3 face yoga for neck moves that will tighten sagging skin | ok + good

sOur face is made up of 40 major muscles, and much like your glutes, core, and other muscles in your body, they loosen up when they’re neglected.

“The face is unique in that it is the only area of ​​the entire body where skin and muscles are directly connected to each other,” he says. Shelly Marshalla New York City-based holistic esthetician and founder Shaman beauty. “This means that where the muscles go, the skin goes, too.”

With that in mind, Marshall has spent years doing facial yoga, and has found it so effective at keeping her skin tight that she no longer uses injections. “Because the facial yoga movements help increase circulation to the entire face, the skin begins to get a more hydrated and brighter complexion from the increased blood supply,” she says. “The facial movement also gets our lymphatic system moving so our skin looks less puffy and tighter.”

She’s seen it eliminate some of the more annoying technical neck symptoms like stiffness, sagging, lines, and more. Ahead, we chatted with Marshall about her practice and the moves she recommends to combat sagging skin and a technical neck.

What is face yoga

Like the starter of sourdough and TikTok, face yoga gained popularity during the 2020 lockdown when estheticians began showing off their moves on Instagram and offering Zoom sessions to guide people through the practice. But for Marshall and many others, facial yoga is much more than just a beauty trend.

“It’s a transformative practice that deepens the connection between mind, body, and spirit while offering amazing benefits for the face,” she explains.

In other words, the same principles of body yoga apply—sans the downward dog. This practice uses stretches, poses, and facial expressions to lift, tone, and sculpt the face while smoothing fine lines and wrinkles. “It works by intentionally relaxing facial muscles that take stress during exercise and strengthening muscles that don’t get enough movement,” says Marshall.

In addition to just movements, face yoga also uses breathing. “Breathing deeply through each pose releases tension, stimulates the lymphatic system, relaxes the nervous system, and oxygenates the cells that make up the facial structure,” says Marshall.

This practice can be beneficial Sculpt and strengthen your facial muscles, but Marshall especially likes it to ward off the effects of “technology neck”. The catchy term describes the soreness, stiffness, and pain you feel from bending your neck to stare at a screen for an extended period of time, and can cause sagging skin, lines, and wrinkles (as well as headaches and incorrect posture).

“Holded in a downward position, the front of the neck becomes short and narrow while the back of the neck becomes stiff and stiff,” says Marshall. Another place for the skin to go.

The longer you keep your neck muscles in this position, the stiffer they become, which pulls the face down and causes sagging. Marshall also points out that prolonged inactivity restricts our circulation and lymphatic system which can cause fluid retention and prevent oxygen from reaching the skin. This is where face yoga comes in.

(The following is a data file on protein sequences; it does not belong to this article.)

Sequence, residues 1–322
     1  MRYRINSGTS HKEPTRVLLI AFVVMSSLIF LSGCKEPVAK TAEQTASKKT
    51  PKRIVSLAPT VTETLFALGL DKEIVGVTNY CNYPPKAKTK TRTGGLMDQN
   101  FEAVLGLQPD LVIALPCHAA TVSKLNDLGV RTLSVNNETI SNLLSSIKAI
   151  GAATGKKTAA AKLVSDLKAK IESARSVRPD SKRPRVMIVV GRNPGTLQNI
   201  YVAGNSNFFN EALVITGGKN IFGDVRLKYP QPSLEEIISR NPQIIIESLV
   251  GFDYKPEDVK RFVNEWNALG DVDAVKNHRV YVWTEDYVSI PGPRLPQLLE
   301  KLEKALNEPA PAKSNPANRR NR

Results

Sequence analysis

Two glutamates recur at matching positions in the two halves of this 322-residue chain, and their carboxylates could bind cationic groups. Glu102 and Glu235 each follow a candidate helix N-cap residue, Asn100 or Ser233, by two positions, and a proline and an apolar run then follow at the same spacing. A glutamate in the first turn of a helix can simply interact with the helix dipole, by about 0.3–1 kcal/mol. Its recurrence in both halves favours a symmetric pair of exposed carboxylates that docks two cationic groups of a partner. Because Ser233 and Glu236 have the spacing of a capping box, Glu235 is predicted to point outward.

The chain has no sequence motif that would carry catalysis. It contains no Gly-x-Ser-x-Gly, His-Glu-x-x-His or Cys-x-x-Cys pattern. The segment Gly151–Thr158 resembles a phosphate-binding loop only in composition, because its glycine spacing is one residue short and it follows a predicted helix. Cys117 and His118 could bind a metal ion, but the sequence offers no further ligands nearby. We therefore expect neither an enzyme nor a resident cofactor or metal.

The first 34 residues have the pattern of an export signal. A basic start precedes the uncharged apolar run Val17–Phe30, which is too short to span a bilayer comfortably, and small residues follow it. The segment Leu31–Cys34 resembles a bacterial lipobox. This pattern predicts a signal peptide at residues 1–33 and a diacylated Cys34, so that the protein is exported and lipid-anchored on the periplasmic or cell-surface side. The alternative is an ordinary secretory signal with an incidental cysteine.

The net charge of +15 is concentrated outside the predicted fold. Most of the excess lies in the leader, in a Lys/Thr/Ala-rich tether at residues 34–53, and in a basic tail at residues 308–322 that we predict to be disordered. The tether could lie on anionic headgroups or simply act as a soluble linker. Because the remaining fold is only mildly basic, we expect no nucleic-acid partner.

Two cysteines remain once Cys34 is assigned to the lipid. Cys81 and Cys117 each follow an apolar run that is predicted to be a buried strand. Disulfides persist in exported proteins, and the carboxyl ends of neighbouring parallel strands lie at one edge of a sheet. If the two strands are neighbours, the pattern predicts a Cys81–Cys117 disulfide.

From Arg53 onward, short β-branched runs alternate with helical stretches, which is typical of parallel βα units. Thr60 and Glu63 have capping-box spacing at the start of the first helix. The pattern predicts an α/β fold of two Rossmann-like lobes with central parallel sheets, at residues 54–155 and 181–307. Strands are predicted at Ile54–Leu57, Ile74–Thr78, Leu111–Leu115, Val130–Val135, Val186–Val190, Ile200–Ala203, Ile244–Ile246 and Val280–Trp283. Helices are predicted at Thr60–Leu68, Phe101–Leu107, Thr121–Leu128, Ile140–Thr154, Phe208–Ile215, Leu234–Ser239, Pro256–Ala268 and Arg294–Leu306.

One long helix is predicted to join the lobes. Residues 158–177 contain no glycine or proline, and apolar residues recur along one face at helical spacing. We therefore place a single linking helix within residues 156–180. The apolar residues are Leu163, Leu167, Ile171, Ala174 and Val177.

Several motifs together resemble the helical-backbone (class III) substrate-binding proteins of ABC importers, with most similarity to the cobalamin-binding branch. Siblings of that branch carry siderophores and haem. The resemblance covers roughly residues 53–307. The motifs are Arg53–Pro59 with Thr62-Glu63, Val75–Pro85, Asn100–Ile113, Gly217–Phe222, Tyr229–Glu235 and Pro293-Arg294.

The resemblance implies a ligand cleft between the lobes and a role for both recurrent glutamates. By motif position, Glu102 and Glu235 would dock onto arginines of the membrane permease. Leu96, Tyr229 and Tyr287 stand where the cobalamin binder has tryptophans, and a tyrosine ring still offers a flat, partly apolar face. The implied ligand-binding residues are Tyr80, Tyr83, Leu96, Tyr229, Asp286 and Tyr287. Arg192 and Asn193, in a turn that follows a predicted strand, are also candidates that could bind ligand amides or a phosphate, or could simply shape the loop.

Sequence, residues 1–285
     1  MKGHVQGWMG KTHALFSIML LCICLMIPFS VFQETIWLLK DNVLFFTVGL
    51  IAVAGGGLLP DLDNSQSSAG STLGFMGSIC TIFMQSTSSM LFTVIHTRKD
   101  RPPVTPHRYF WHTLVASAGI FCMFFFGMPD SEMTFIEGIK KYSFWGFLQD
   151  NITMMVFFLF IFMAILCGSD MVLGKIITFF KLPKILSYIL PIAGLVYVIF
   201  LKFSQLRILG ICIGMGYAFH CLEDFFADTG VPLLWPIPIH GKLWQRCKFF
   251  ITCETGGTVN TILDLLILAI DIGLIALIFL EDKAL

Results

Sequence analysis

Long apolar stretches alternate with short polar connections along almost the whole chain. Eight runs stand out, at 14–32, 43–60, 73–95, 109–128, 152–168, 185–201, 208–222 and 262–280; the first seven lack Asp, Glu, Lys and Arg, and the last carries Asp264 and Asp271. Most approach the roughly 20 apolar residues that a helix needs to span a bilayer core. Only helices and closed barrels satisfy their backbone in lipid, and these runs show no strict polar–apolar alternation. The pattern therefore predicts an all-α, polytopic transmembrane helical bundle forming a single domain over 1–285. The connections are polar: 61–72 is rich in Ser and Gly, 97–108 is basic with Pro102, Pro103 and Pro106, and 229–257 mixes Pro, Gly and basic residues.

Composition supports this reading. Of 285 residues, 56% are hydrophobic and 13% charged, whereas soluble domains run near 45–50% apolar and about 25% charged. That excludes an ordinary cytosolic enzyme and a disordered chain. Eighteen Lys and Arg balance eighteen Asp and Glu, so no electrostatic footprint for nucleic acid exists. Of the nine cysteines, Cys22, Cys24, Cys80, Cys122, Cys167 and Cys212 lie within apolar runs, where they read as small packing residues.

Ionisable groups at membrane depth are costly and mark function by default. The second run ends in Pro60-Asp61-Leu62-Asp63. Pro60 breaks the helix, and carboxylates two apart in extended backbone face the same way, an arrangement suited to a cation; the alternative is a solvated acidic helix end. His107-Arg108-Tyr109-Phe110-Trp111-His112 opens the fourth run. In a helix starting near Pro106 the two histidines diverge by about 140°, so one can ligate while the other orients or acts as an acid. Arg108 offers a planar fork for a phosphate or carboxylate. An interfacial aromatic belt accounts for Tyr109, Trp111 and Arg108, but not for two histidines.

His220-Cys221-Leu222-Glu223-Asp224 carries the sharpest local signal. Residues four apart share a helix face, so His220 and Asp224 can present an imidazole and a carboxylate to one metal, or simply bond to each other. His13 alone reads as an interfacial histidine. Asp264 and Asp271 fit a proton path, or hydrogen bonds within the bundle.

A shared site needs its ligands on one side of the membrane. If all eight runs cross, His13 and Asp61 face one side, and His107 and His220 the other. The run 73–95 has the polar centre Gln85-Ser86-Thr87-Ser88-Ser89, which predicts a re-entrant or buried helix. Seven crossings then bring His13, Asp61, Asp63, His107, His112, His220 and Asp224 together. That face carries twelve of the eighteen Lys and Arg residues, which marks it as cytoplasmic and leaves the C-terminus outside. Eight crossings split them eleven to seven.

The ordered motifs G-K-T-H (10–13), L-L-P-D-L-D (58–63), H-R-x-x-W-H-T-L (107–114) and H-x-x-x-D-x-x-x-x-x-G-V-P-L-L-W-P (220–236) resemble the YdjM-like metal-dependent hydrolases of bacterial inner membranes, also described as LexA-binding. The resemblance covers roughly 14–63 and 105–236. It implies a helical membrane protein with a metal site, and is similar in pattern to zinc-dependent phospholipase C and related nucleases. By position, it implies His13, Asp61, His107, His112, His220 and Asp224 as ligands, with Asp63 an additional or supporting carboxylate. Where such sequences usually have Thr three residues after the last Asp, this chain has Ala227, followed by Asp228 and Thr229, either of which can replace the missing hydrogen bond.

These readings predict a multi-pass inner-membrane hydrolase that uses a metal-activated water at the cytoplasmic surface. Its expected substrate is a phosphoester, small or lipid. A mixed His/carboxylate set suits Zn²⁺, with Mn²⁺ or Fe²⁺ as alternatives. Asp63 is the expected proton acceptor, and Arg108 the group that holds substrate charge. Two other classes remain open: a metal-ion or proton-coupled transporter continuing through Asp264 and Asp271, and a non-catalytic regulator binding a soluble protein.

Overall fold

3 facial yoga moves for the neck blocking technique

1. Kissing the moon

Place your hands on the base of the anterior side of the neck to stabilize the Platysma muscle. Then slowly bring your head back so you’re staring up at the sky. For an extra stretch in the front of the neck, make a soft crease with your lips, and try to “kiss the moon” about 10 times.

“This helps stretch and lengthen the neck, align our posture, relieve pain, smooth out necklines, remove facial puffiness, reduce double chins, and shape the jawline,” says Marshall.

2. Touch your tongue to your nose

Begin by clasping your hands behind your back and pulling your arms as far away from your body as possible. Then, when you feel your shoulder blades gather behind you, push your chest and stomach out and take a deep breath into your lower lungs and abdomen.

Lift your chin slightly and push your tongue up into your upper lip, trying to touch each nostril with the tip of your tongue. Alternately reach each nostril five times on each side for three big breaths and then come out of the position. Repeat one to three times with about 10 to 15 seconds of rest between each set.

3. The rainbow roll

With one hand on top of the other, place your palm at the base of the neck and pull it down slightly to stabilize the neck muscle. With your shoulders facing forward, turn your head to one side so your chin hovers over one shoulder. Move your head slowly up and down five times. After the fifth gesture, look up (the nose should be pointing at the ceiling) and slowly rainbow (the top of your head should take on the shape of a rainbow as it moves) your head all the way to the other side and nod your head five times over the other shoulder. Repeat as many times as you like or until you feel the tension release in the back of your neck.

For a deeper stretch, incorporate a yoga facelift at the same time. Press your lips together as if you were applying lip balm. With your lips pressed together, lift the corners of your mouth and smile. Lift as high as you can but be careful not to allow wrinkles around the eyes. Hold this position while performing the upper neck movement.

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